We’ve met KITTY MACFARLANE before, here at Downend Folk Club.
We first encountered her some three years ago, when she opened for Jimmy Aldridge and Sid Goldsmith as an early-twenty-something. She’d just released her first EP and her potential was clear to see. Then she came back in January 2018 to open for her friend Blair Dunlop. She’s also sat in the audience a fair few times since she relocated to Bristol.
Yes, we’ve met before.
But the Kitty Macfarlane we see before us tonight is a different proposition altogether. This is a mature, considered and thoughtful performance of some truly beautifully-crafted songs from an artist whose development has been mirrored by an astronomical rise in her profile since the release of her debut album, Namer of Clouds, late last year.
It’s mostly from that record that this evening’s songs are taken. The theme of nature and wildlife is almost ever-present in Kitty’s two enchanting sets; there are tales of mythical giants falling in love and then falling over to form the Avon Gorge (Avona & The Giant); beachcombing (Wrecking Days); elderly Italian ladies spinning fine material from sea-creatures (Sea Silk); and, of course, a song about Kitty’s favourite animal, accompanied by many facts and the appearance of temporary eel tattoos (yes, you read that right!) on the merch desk (Glass Eel).
There are a plethora of acoustic guitar wielding singer-songwriters out there, so to get noticed takes something special. Since we last saw her, Kitty has added the clever use of recorded “found sound” to her set. Her voice is crystal-clear… you really can hear every. single. word... precise and yet natural. She soars to the heights of the Frenchay Village Hall rafters, and in the next breath, gathers in the near-capacity audience with hushed, almost whispered tones. Her guitar playing is sensitive and skilled. These things set her apart on their own. But it’s the songwriting that really grabs you. Kitty writes songs about things that matter. The afformentioned Glass Eel isn’t really about eels, you see… it’s about freedom of movement and the urge to travel. These are songs that both make you sing (for months afterwards) and make you think (possibly for even longer). And she can tell a tale and write a catchy tune, too, as songs like Dawn & Dark and Man, Friendship prove beyond all doubt. There are even a couple of traditional numbers for the dyed-in-the-wool folkies (Morgan’s Pantry, Frozen Charlotte).
Downend Folk Club’s long-stated dual aims are to bring the best of the country’s emerging folk, roots and acoustic music to South Gloucestershire, and also to give opportunities to young musicians just starting out, and the evening’s opening act LOUIS CAMPBELL definitely falls into that category. With his deft and impressive finger-style guitar playing (he’s currently under the tutelage of a certain Martin Simpson, so perhaps we shouldn’t be too surprised) and an interesting and varied singing style, including a more than acceptable falsetto, this is definitely a young man to watch. Are You Wearing Socks Over There? is the highlight of a hugely promising set.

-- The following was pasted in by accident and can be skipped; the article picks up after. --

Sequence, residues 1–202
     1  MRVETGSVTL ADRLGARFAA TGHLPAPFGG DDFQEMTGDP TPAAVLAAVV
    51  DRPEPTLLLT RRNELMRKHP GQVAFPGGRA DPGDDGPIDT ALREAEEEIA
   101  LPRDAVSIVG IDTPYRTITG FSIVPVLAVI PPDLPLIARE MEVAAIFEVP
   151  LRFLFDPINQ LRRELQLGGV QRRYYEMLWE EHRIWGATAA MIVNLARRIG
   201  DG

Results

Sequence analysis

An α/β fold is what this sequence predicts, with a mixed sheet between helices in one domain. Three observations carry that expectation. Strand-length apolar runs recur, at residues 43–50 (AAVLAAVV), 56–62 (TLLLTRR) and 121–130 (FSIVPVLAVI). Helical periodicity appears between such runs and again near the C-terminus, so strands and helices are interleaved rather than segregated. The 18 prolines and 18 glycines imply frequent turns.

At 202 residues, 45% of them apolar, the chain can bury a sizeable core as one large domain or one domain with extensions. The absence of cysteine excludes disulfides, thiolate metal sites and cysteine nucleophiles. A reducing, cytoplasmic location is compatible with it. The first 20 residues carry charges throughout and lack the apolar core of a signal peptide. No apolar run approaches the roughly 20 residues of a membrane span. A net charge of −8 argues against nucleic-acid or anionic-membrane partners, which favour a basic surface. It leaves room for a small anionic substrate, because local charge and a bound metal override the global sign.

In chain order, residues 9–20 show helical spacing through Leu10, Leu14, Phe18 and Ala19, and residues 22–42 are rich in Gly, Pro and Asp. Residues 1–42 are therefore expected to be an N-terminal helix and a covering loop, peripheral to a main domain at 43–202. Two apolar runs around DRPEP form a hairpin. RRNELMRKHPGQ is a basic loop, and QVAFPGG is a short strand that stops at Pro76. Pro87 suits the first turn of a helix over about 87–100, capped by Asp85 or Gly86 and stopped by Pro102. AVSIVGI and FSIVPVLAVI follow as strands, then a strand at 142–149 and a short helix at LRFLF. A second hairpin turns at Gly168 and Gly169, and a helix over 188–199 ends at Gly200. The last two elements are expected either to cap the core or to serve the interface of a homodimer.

But, on her third visit, this is Kitty’s night. When we see artists on a regular basis, it’s occasionally easy to fail to spot just how far they’ve come. She left us in no doubt this evening. If October’s BBC Radio 2 Folk Awards don’t feature the name Kitty Macfarlane, then there’s precious little justice in the world.
Words: Bea Furlong
Photo: Jo Elkington
Our stunning Summer programme continues this month with the return of a familiar face who is now one of the hottest properties on the UK folk scene and beyond.
KITTY MACFARLANE has twice played support slots at the club in the past, but now it’s her time to step into the spotlight... something she’s been doing on a national level since the release of her debut album last Autumn.
Kitty is a songwriter and guitarist, originally from Somerset but now based right here in Bristol, whose music is rich with visual imagery and written with an eco-eye. Her trademark lies in remarkably mature songwriting, a marked empathy with the environment and a strong sense of place. Carried by a clear voice "controlled yet wild" (Folk Radio), her lyrics touch on intervention and rewilding, climate change and migration, woman’s age-old relationship with textiles and the land, and the changing face of the natural world. From the starling murmurations on the Somerset Levels to the lowly eel's epic transatlantic migration, the coasts and estuaries of the South West and the small part we ourselves play in a much bigger picture, her songs are bound by the underlying theme of mankind's relationship with the wild. Cerebral and topical, honest and immediate, these are not throwaway lyrics or everyday melodies but thought-provoking and evocative compositions with wonderfully crafted soundscapes.
Her debut album Namer Of Clouds was one of The Guardian's Best Folk Albums of 2018, and has seen airplay across BBC Radio 2, 3, 4 and 6 Music. Last year she was invited to guest- present two episodes of BBC Radio 4's Tweet of the Day and Kitty performed live in session on BBC Radio 2 at the beginning of 2019.